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  4. Grace

    Aug 16, 2020 at 10:21 am

    I have Rogue x irons and I had the swing weight checked and every club has a different swing weight. I purchased these crabs new. Is that correct?
    Or should they be the same?

  5. greg

    Jul 14, 2016 at 3:25 am

    great article, Mr. wishon. what is your take on bridging the gap between shaft weights throughout the set. for example most people have a 55 -65 g weight shaft in their drivers and around 100-110g shafts in irons.would golfers in general see an improvement in consistency if there was a smaller difference in shaft weight throughout the set. Sergio Garcia plays a 100+ g shaft in his driver and his irons are in 120g shafts. would I benefit if I went from my 120g iron shafts to 90g shafts so that its not way too different in weight in comparison to my 70g driver shaft ?

  6. Joe

    Jun 11, 2016 at 4:53 pm

    Tom, Great article. I grew up with traditional loft and lie theories that have been blown out of the water and proportion for that matter. I recently had a set of mp 64’s built with KBS tour S. 2degrees flat. Played well with them but they always seemed a little long at STD length as I am only 5-7″. I found myself choking up on most all the irons, including the PW, so I had them cut from the butt end 1/2inch. Love the way they feel as I always wanted a little lighter club, similar to the Cobra cavity backs I played years ago with graphite shafts, but know that I lost significant swing weight. ( most likely D3 to C8 or C9. ) Played a few rounds and love the overall weight but am probably getting a little quick. Is lead tape the answer?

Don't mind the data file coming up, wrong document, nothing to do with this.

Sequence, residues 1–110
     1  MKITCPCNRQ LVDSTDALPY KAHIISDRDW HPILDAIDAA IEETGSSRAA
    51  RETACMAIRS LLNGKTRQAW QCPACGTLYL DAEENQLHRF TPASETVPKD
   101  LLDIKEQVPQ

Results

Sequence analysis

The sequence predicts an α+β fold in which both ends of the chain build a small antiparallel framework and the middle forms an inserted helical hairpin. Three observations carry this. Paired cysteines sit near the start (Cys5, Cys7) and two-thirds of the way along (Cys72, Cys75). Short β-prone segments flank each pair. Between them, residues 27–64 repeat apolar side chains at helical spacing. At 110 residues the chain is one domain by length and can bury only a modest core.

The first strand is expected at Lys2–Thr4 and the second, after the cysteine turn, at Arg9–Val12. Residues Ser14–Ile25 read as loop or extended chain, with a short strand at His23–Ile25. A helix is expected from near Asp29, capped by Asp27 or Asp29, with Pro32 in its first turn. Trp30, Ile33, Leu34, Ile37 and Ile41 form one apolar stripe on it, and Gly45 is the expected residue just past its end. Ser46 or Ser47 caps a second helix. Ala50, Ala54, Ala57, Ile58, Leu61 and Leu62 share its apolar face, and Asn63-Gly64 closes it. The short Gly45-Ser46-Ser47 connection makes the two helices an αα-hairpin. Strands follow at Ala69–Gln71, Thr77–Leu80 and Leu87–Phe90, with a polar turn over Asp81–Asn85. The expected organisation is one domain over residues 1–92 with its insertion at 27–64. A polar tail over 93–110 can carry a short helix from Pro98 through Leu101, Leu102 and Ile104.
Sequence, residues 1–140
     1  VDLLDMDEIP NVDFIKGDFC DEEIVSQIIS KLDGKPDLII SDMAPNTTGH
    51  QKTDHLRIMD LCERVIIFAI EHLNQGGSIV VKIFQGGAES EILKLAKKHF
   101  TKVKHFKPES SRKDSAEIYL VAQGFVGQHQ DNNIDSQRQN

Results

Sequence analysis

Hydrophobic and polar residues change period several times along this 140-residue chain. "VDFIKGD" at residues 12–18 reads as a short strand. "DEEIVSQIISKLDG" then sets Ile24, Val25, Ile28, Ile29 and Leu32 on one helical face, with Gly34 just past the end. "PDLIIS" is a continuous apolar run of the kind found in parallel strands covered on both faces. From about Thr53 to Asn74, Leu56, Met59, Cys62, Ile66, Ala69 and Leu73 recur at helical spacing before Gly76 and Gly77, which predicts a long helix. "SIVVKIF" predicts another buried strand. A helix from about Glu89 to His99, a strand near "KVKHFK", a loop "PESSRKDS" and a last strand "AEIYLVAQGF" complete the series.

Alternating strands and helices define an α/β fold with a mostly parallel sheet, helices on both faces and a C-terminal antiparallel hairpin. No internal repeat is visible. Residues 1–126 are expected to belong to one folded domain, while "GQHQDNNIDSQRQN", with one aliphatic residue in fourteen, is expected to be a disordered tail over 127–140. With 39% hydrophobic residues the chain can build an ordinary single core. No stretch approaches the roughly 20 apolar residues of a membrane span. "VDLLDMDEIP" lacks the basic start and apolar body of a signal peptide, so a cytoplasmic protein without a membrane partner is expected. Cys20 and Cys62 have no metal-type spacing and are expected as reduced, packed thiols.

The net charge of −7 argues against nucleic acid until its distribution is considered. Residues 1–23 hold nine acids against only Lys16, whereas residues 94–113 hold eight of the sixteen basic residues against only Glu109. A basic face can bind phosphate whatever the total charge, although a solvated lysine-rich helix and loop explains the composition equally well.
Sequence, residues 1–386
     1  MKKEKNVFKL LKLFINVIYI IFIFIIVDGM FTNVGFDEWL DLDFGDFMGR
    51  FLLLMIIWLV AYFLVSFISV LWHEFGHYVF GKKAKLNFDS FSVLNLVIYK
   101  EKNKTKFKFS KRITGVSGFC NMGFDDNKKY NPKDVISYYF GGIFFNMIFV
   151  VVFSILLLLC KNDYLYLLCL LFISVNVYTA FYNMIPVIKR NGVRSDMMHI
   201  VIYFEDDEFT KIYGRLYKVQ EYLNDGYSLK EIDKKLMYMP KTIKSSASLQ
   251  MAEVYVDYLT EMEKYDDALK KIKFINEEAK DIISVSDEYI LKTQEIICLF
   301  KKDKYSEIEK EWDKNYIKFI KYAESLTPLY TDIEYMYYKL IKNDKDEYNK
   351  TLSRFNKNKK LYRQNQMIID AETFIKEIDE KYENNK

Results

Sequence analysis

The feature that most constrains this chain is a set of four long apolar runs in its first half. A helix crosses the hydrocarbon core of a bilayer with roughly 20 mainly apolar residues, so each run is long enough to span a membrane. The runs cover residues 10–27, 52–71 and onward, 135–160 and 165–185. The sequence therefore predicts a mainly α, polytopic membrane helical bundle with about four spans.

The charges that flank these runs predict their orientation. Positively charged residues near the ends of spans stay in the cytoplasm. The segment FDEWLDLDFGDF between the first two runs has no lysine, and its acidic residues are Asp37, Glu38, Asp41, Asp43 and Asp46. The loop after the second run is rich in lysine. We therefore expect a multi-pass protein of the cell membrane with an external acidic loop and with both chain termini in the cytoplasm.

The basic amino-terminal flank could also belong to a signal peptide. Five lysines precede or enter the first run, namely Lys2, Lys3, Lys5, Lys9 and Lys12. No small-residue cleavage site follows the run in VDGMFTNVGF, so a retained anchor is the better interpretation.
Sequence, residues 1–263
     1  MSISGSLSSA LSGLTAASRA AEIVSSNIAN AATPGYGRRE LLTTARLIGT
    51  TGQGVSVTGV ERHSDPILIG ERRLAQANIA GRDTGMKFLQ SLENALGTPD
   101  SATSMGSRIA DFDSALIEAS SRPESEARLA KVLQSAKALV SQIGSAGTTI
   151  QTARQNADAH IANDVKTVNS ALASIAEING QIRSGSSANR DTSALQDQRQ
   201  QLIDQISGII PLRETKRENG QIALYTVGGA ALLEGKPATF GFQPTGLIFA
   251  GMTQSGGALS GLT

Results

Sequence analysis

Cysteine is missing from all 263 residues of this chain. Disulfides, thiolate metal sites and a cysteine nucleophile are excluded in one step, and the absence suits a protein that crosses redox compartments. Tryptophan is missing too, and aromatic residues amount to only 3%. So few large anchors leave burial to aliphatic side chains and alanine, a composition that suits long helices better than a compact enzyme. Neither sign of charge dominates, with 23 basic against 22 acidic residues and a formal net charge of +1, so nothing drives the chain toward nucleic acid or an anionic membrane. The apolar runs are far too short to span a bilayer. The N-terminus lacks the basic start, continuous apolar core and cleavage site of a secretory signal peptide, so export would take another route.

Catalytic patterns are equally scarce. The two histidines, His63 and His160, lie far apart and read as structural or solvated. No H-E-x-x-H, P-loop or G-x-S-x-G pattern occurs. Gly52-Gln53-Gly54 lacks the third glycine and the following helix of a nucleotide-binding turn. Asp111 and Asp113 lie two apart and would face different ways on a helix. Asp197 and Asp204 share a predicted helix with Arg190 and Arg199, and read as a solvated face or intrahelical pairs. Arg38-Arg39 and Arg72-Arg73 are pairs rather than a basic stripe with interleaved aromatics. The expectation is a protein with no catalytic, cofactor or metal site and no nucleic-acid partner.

7. Devon

    Mar 18, 2015 at 12:03 am

    Hi Tom:

    I recently bought a set of Cobra amp cell pro muscle back irons. The clubs are factory swing weight D3 3-9. I am a tall guy (6’5″) with pretty fast club head speed, 115+ for driver, and 4 handicap. I have the DG X100s in the irons, and they are 1/2″ extended. I also have big hands, and have the Lamkin Oversize R.E.L. 3GEN ACE grips, which weigh 78 grams, as opposed to the factory New Decade MC weighing 46.5 g. By referencing another thread on this site (see below), I figure the longer, heavier shafts and heavier grips mean my clubs are 9 SW points lighter than factory, or about a C4. I also see that better players with faster swings might want a heavier swing weight, which means my ideal may be heavier than D3. That same thread suggests I need 2 grams of club head weight for 1 SW point. The way I read this, I need to add at least 18 grams to club head to get back to D3, and more if I want heavier than D3. That seems like a lot of lead tape. Two questions: 1) am I right in my calculation that I would need to add 18 grams to get back to D3 and more for higher than D3; and 2) if I am correct, is it wise to get 18+ grams in the head by adding lead tape, or is there a better way?

    Thanks so much for sharing your knowledge. Super helpful.

    • Tom Wishon

      Mar 18, 2015 at 10:23 am


      Once a golfer begins to use very heavy grips or a substantial counterweight in the butt end of the shaft, you pretty much have to throw swingweight measurements out the window and rely strictly on experimenting with the headweight until you reach a point that the head does not feel too light or too heavy during the swing. And once that point is found, then for future reference you can take a swt measurement. But that swt measurement will only be pertinent for your specific combination of length + shaft weight + grip weight.